Link’s Crossbow Training - the One and Only Zelda Shooter

Link’s Crossbow Training was less than a critical success, but actually sold more copies than Twilight Princess, the main Zelda that it was borrowing set pieces from. While the game only scored 68% on GameRankings and 70% on Metacritic, Link’s first crossbow adventure was still able to sway casual gamers with the Wii Zapper peripheral. Talk about marketing.

Many gamers complained about the game being too easy and short. Instead of being like a traditional Zelda game, Link’s Crossbow Training is more like an easy-to-develop Wii shooter like the one that came in Wii Play. Actually, think of it as the shooting game in Wii Play with a glossy Twilight Princess overcoat. The game was still surprisingly successful and should only be purchased for fun, not for an actual gaming experience.

Anyway, I hoped you all enjoyed this overview of the more memorable Rare Zeldas and underrated Zelda games. Feel free discuss what your favorite Rare Zeldas are and which Zelda games you feel are underappreciated but should have more exposure.

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Hylian Knight

Green Armored Menace
Sep 28, 2010
I've actually played the Cd-i game Wand of Gamelon at my Bro-in-law and found it fun but and few memorable moments but not one I would want to play again.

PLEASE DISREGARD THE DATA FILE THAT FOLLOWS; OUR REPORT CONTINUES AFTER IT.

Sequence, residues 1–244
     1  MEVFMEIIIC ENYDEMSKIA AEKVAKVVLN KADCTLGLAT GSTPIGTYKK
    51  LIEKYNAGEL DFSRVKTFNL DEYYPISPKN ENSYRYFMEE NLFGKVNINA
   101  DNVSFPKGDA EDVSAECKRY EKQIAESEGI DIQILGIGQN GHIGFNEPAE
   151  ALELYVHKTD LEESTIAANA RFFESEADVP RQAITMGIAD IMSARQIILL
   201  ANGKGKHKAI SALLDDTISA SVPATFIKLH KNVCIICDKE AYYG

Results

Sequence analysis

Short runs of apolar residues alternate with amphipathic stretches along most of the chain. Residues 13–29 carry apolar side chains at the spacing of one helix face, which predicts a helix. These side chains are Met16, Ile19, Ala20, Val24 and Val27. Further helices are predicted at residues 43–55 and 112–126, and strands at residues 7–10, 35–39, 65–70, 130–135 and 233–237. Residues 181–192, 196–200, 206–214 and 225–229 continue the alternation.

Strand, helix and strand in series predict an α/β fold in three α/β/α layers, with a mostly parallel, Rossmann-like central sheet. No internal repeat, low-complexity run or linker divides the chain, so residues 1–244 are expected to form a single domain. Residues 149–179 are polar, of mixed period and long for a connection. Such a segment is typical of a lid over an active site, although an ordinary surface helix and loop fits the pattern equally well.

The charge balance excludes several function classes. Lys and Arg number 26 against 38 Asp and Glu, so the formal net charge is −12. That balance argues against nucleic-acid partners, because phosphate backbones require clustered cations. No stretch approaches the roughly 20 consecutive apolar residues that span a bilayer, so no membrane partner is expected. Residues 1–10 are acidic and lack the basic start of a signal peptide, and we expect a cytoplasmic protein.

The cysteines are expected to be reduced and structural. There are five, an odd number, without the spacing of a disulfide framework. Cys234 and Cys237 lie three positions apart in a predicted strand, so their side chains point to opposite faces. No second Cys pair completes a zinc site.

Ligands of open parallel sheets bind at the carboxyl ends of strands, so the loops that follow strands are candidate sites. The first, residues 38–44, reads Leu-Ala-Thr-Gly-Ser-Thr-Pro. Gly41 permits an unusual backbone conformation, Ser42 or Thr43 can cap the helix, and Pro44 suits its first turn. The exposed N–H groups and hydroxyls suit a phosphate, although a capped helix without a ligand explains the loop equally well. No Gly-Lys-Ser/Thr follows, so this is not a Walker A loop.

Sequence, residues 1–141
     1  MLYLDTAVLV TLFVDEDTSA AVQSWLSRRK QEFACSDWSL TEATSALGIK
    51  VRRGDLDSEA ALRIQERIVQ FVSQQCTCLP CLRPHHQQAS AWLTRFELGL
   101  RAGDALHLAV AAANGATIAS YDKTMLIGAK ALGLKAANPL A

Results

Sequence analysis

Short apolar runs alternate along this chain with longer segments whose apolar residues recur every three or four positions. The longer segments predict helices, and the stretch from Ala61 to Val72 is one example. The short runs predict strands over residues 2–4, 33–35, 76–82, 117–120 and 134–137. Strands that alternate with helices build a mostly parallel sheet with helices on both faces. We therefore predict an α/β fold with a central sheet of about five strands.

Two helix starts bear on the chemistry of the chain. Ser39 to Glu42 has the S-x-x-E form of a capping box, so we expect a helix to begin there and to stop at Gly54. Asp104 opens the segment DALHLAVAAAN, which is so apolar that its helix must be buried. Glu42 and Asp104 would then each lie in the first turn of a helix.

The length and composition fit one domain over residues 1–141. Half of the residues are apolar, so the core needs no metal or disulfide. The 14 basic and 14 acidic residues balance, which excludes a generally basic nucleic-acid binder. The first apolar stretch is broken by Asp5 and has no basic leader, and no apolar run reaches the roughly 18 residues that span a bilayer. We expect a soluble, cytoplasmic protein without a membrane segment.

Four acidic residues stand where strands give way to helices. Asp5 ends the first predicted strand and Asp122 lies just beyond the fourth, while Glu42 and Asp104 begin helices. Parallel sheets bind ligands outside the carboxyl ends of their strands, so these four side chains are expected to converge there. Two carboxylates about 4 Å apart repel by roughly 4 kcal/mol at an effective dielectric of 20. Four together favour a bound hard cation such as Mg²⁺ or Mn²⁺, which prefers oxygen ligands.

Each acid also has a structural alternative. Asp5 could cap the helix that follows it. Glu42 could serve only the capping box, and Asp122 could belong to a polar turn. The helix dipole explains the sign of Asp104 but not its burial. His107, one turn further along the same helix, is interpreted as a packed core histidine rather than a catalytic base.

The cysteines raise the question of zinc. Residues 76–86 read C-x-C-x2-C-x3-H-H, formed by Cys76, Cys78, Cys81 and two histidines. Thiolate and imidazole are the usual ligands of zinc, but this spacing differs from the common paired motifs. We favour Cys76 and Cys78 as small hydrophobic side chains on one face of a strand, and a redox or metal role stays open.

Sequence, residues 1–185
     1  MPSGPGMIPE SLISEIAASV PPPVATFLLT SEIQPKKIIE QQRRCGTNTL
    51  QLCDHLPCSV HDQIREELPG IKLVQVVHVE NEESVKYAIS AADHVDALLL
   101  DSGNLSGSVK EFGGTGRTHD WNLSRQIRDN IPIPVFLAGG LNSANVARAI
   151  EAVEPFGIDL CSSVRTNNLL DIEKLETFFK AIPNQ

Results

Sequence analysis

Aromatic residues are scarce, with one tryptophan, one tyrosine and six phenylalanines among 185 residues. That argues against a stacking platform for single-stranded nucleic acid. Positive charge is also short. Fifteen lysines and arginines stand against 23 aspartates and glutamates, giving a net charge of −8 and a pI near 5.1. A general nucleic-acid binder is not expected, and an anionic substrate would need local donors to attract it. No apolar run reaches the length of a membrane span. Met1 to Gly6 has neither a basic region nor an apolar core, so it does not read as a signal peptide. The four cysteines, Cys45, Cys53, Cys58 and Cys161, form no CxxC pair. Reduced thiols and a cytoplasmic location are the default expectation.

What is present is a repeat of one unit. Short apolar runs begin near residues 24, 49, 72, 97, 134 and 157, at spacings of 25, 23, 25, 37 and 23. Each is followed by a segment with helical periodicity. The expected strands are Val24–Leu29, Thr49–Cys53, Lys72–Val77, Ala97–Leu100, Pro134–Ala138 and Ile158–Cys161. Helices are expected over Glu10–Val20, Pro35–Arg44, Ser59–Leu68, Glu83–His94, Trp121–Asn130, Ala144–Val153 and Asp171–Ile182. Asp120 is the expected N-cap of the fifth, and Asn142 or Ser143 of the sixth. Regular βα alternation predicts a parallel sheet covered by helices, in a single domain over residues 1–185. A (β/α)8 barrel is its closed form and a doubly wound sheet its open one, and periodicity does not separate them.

Jul 26, 2010
I played the CD-i games for entertainment. I couldn't beat them of course, but they were hilarious. I remember having sleep overs and laughing about the messed up things in it. Some of my friends actually thought that that's what Zelda was in general. They should be played if you want a good laugh or being scared for life.


Keyblade Master
I played the CD-i games for entertainment. I couldn't beat them of course, but they were hilarious. I remember having sleep overs and laughing about the messed up things in it. Some of my friends actually thought that that's what Zelda was in general. They should be played if you want a good laugh or being scared for life.

Guess I won't play them then. I do not want to take the chance of being scared for life.


Sage of Tales
I was able to borrow OoT Master Quest from a friend and play it. I remember being in the shoutbox here one evening describing it - "Wonderfully hard." Difficult, but in a way that makes a good, fun nitty-gritty challenge. "Only true heroes shall survive" as the box art reads.

I was surprised to see no word put in for Oracle of Ages and Oracle of Seasons. They seem to be kind of rare to come by these days. The (same friend as above) who gifted me those games took great pains to procure Seasons for me, which was a Christmas present. I don't see too much in the way of "creative fandom" (fan art and fan fiction) for these games, and it seems like not a lot fans of the "major" Zelda games have played them. I enjoyed them quite a lot, myself.